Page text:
The Fundamentals of Corporate-Owned Life Insurance Taxation

The Fundamentals of Corporate-Owned Life Insurance Taxation

You are likely already familiar with individual life insurance policies, but did you know that there is also a corporate-owned option where you are the primary beneficiary? Find out more about this type of policy and whether it is right for your organization.

What is Corporate-Owned Life Insurance Taxation?

Corporate-owned life insurance, often referred to as COLI, is fully owned by the employer. He or she is responsible for paying the non-deductible premiums and is designated as the main beneficiary. Death benefits are paid out to the corporation or designated by the employer to be given directly to the employee’s family. The employer retains all rights and ownership of the policy, including the cash value.

Is COLI Taxable?

COLI policies are a tax-deferred asset for the employer. The death benefits from a COLI policy are usually free from federal taxation. However, there are limits. The benefit paid can not be greater than the total that the employer paid into the policy through premiums and any other amounts. Benefits in excess of this amount are treated as income and subject to all applicable taxes.

What Are the Advantages and Disadvantages?

There are both pros and cons to taking out a COLI policy. The top advantages include:

  • COLI policies can accumulate a tax-free cash value that you may be able to borrow against.
  • Your corporation is guaranteed to recover most if not all the value of a qualified plan.
  • You can limit any potential strain on your finances that may result from paying out benefits by matching the asset value to meet the liability.
  • Non-Qualified Deferred Compensation policies (NQDCs) are structured so that your corporation’s current cash flow does not affect any benefits.

Potential disadvantages of a corporate-owned life insurance policy are:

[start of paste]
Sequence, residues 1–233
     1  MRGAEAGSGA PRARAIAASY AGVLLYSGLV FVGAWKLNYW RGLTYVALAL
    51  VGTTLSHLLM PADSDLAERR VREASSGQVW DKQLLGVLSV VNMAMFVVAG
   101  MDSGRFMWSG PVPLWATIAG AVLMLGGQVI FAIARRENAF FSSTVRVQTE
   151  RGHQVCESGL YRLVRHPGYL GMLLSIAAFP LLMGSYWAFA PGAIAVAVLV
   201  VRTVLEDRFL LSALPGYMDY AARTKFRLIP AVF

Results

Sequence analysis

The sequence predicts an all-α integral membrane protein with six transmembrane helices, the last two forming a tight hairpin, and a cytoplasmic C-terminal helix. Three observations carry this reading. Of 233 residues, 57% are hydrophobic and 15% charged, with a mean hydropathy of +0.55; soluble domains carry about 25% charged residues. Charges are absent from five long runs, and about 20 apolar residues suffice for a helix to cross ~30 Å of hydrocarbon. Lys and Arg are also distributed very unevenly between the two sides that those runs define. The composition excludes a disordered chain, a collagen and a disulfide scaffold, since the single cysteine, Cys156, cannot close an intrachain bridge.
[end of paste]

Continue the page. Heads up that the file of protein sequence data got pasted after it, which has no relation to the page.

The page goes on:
• There are some instances where you may be subject to an alternative minimum tax.
  • You must carefully choose your provider. If they are experiencing financial hardship, you may be unable to access the cash value of the policy at a time that benefits are due to be paid.
  • There could be a discrepancy between the actual and estimated earnings, leaving an amount insufficient to pay benefits.

The advantages and savings of a group policy can be a significant incentive that offsets any drawbacks. You should discuss your corporation’s needs and unique circumstances with a knowledgeable provider who can offer advice and recommendations tailored to you.

Who is Eligible?

There are several restrictions in place to regulate corporate-owned life insurance policies to prevent employers from taking advantage of tax breaks. It is now required that all employees must be informed of the policy, and they need to sign an agreement to verify their approval. Any employee who doesn’t wish to be covered under COLI cannot be punished by their employer for their refusal.

Further, only the top 35 percent of the employees receiving the highest pay within the corporation can be covered under a COLI policy.

What Are DPSP Contributions?

Another popular benefit that employers favour is the Deferred Profit-Sharing Plan or DPSP. This is an alternative type of pension fund where the employer gives his employees a portion of the company’s profits. The funds are then invested into a tax-free account. The employee only has to pay tax on the funds when they are withdrawn from the account.

DPSPs are usually used in combination with more traditional retirement plans. Employers benefit because their contributions are tax-deductible. Both DPSPs and COLI policies are great supplemental benefits to more traditional plans.

Understanding your options for various policies and making the right decision for your employees and your company can be a complex process. Get the details and support you need to make the right choice. For more information about life insurance and group benefits, contact us at DBA today.

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